|Topic||From the Original Review||My Feelings Now|
She actually judges the quality of people based on what they think about baseball. Personally, I think that’s silly and it bothered me throughout the entire book.
However, I also thought that Abby was a hard worker determined to do whatever it took to reach her goals… For the most part, I enjoyed her character.
|I can’t phrase it any better now. This is how I still feel about Abby. All I can add is that, at the time, I couldn’t understand why the author wrote Abby the way she did. Now, I think it’s because the author was trying way too hard to press certain points about the book like the Frenchness or the anti-sportsness. Now, I think that if the author had chilled out a little bit with the writing and let things happen naturally, this book could’ve been spectacular.|
|On Abby||At times, he was sweet and great. At others, he was rough and standoffish. And what’s with him being with so many other girls all the time?||The problem with Zeke is that it’s hard to understand where he’s coming from. One moment, he’s great. The next, he’s not. I didn’t understand what that was supposed to accomplish in the grand scheme of things. To create drama? It wasn’t the right way to go for me.|
|On the romance||
I came to love Abby and Zeke as a couple.
And by the way, this is a slow-burn, so prepare to suffer.
|If there’s anything I regret about that review, it’s that I didn’t emphasize how much I loved the romance. In the end, it’s seriously so cute, even though I wasn’t a fan of Zeke’s love/hate tactic. I really enjoyed the way that the author brought the characters together and showed the full breadth of how they came together. In the end, Abby’s annoying anti-baseball thing was worth it because of how Blitt showed it all coming together.|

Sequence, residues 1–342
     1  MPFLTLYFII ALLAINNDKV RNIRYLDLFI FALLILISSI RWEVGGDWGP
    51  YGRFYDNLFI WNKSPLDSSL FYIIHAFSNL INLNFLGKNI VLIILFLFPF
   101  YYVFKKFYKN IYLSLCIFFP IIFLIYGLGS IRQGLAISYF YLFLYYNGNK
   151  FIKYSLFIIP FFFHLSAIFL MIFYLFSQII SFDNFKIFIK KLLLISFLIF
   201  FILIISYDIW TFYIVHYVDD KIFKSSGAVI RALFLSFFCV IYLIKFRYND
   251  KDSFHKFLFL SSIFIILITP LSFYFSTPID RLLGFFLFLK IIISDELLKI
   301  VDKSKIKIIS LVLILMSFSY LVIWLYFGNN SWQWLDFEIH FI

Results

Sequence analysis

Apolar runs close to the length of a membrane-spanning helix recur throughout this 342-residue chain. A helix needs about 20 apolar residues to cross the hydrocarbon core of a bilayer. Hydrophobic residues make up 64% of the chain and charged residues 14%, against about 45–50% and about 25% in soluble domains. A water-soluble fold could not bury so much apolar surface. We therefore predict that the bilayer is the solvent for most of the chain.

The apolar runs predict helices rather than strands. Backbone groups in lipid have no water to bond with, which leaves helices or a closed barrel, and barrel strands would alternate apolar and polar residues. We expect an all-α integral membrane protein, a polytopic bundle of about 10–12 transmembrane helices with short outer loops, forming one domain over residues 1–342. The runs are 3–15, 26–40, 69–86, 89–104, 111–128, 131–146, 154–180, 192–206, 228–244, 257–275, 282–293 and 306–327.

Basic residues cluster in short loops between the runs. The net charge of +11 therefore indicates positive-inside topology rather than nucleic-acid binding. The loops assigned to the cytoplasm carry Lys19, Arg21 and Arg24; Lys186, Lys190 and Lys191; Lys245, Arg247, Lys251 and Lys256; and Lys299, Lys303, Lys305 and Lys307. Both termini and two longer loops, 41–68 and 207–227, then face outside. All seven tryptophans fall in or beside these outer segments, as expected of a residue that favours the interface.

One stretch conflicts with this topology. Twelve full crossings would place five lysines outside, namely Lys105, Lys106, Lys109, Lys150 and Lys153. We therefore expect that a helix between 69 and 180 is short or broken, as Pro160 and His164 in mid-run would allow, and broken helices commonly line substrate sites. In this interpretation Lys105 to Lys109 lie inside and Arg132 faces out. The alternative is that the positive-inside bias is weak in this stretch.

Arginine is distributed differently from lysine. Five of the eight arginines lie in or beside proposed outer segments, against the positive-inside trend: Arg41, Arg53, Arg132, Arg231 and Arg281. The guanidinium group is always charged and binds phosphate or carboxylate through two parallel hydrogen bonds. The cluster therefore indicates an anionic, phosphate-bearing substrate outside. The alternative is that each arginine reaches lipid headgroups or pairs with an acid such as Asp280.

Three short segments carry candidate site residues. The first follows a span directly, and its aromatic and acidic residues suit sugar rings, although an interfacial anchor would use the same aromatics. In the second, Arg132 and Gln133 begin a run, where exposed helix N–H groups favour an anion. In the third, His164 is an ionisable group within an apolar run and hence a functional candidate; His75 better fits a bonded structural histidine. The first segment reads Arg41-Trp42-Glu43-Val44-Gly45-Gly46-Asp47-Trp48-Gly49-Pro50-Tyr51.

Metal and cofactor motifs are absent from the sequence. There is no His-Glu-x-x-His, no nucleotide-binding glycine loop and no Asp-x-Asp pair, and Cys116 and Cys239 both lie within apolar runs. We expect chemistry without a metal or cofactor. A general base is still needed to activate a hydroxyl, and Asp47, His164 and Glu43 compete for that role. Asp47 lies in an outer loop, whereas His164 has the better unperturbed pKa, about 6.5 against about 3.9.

|On the supporting characters||There were many disposable ones, which I didn’t understand. There’s a boy (whose name I can’t even remember now, he was that forgettable) who showed up in the beginning maybe… twice? Yeah, he made the book seem like it was going to be a love triangle until I got to the middle and I realized he wasn’t there for any real reason.||I still stand by this statement. There’s nothing I can add to it.|
|On the notable supporting characters / friendships||
Colin is the best. He’s funny and cool and he shares completely platonic relationships with Abby and Alice.
Alice and Abby had a wholly positive relationship throughout this book. They’re constantly there for each other, supporting each other all the time, helping each other past personal obstacles, encouraging each other and being proud of one another. This is the kind of friendship that needs to be shown in YA.
Colin’s comment, I agree with. I didn’t understand why Colin was there either, but I’m not complaining. He was fun to have around, and I enjoyed reading about him.
But with Alice, I wish I hadn’t emphasized her so much. During this reread, I had a general dislike of her. She had a lot of potential as a character, and I liked the way she and Abby supported each other, but again, I felt like Blitt was trying too hard. Abby and Alice have an instant connection, and not only was it annoying, but it was ridiculously cheesy. I enjoy cheesy things. Gifts, events, notes, shows, even food from time to time, but not in my books.
|On the premise and the writing||There aren’t a whole lot of books in which another language plays an active role, so that was cool to see as well. Natalie did a fantastic job of translating the French within the story without having a bunch of parts that were formatted the same way. I liked the way she approached certain difficult sections when Abby was flustered or didn’t know what to do.||Overall, I think this story could’ve been incredible. Blitt’s a good writer, and I can see a lot of potential in The Distance from A to Z. The way she handled her premise and plot are further proof of that. However, this one just didn’t cut it for me. I’d love to see what she comes out with in the future.|
If I could rate this book again, I’d stick by my previous rating.
Have you ever regretted rating a certain book the way you did? If you’ve read And the Trees Crept In or The Distance from A to Z, what did you think of them?